Lance Adair and his father get three jugs of water each week at their home in the Houlton Mobile Home Park.
Like the other 80 residents of the park, they can’t drink or cook with the water that comes out of the tap because of high levels of PFAS, a group of chemicals linked to certain health risks, including cancer.
It’s been that way for four years.
A trucker in his 30s looking for a job, Adair said if they have extra water, they share it with their neighbors who have children.
“You learn to live with it,” Adair said. “They also have a plan to fix it.”
High levels of PFAS, known as “forever chemicals” because they do not break down in the environment, have been found in several public and private drinking water supplies in Maine in recent years. Drinking water should not have more than 20 parts per trillion of PFAS, according to state regulations.
In June, the mobile home park had 169 parts per trillion, one of the highest levels in the state, according to data from the Maine Center for Disease Control & Prevention.
The park has the highest number of PFAS of any residential public water system, according to a partial list of water sources from the Maine CDC, where much of the data is still pending. Houlton Mobile Home Park is second only to Bonny Eagle Middle School in Buxton, which topped the list in August at 822 parts per trillion, in overall PFAS levels in public water systems.
Exposure to high levels of PFAS can lead to increased risk of some cancers, including prostate, kidney and testicular and may lead to developmental delays in children, according to the U.S. Environmental Protection Agency.
For residents of the mobile home park, relief should be coming next year when the water and sewer get connected to the town’s system, Greg Sherman, general manager of the Houlton Water Co., said.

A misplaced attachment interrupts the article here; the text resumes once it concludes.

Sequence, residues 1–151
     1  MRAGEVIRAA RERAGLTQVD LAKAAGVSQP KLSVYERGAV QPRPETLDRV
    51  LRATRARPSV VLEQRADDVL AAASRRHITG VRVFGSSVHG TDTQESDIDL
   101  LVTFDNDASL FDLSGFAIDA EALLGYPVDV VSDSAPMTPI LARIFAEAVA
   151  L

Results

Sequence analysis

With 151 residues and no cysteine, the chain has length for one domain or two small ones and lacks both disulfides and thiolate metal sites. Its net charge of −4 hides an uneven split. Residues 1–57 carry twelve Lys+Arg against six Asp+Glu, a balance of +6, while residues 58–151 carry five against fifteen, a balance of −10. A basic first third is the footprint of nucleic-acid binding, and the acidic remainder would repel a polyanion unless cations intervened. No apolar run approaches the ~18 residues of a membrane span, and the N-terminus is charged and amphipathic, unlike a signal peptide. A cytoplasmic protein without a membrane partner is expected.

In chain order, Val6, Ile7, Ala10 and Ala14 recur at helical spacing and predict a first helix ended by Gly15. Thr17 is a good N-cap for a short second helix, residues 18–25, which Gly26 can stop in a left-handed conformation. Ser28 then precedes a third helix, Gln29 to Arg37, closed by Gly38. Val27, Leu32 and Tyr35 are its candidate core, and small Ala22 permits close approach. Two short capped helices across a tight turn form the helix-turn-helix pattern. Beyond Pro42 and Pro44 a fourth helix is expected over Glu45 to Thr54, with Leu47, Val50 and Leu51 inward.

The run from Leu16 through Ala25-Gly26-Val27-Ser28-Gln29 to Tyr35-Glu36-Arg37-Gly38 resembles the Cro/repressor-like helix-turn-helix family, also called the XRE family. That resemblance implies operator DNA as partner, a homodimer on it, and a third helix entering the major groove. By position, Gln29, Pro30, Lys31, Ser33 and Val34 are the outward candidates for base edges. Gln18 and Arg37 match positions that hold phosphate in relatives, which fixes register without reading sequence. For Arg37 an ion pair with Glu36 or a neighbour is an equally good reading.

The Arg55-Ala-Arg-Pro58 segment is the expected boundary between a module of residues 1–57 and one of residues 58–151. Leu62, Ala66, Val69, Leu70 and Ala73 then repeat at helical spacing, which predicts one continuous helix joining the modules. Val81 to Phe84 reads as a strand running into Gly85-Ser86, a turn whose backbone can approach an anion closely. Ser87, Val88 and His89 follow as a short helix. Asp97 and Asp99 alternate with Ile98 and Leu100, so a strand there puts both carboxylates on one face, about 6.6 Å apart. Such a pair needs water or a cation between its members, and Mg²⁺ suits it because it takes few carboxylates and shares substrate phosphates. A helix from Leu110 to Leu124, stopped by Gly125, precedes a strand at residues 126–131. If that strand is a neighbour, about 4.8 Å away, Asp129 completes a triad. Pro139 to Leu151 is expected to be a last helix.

Years ago, the mobile home park was part of the town’s water system but in the 1990s the park’s owners decided to drill their own wells, Sherman said.
The park has since been sold and Tony Brettkelly, one of the partners who now owns the mobile home park, said they found out about the contaminated well water shortly after purchasing the park four years ago.
Because they are a private entity, they partnered with the state, town and local utility district to put together the funding to tap in to the public system.
Water and sewer upgrades will cost Brettkelly about $347,000, with the Maine Drinking Water Program kicking in $2.4 million, the local water district $1.3 million and a Community Development Block Grant covering $475,000.
In June, Brettkelly signed a consent order with the state that lays out deadlines for continued water testing and requires the mobile home park to connect to the public water supply by Oct. 1, 2023.
Brettkelly said there are 55 mobile home pads in the park, about 35 of which have homes on them now. Once the work is complete, he plans to market the park as a family-friendly housing option.
“It’s been a tough road,” he said. “We’ve really worked at trying to make it the best situation possible.”
Nancy Ketch, Houlton’s community development director, said when applying for a grant to pay for the new sewer system, she collected data that showed of the 80 residents, seven are elderly, five are severely disabled and 10 are female heads of household.
“It’s a population of people who are in need and may otherwise have trouble accessing housing,” Ketch said. “If they’ve got a house up there, we want them to be safe.”
Like most parts of the state, housing can be difficult to find in Houlton, a northern Maine town of just over 6,000 residents on the Canadian border. The problem was compounded by a fire in March that destroyed a 14-unit apartment building that housed about 30 people and killed a 4-year-old boy, she said.
The shortage makes it all the more important to improve the existing housing stock.
“If we have the existing housing, we want to make sure it’s safe,” she said.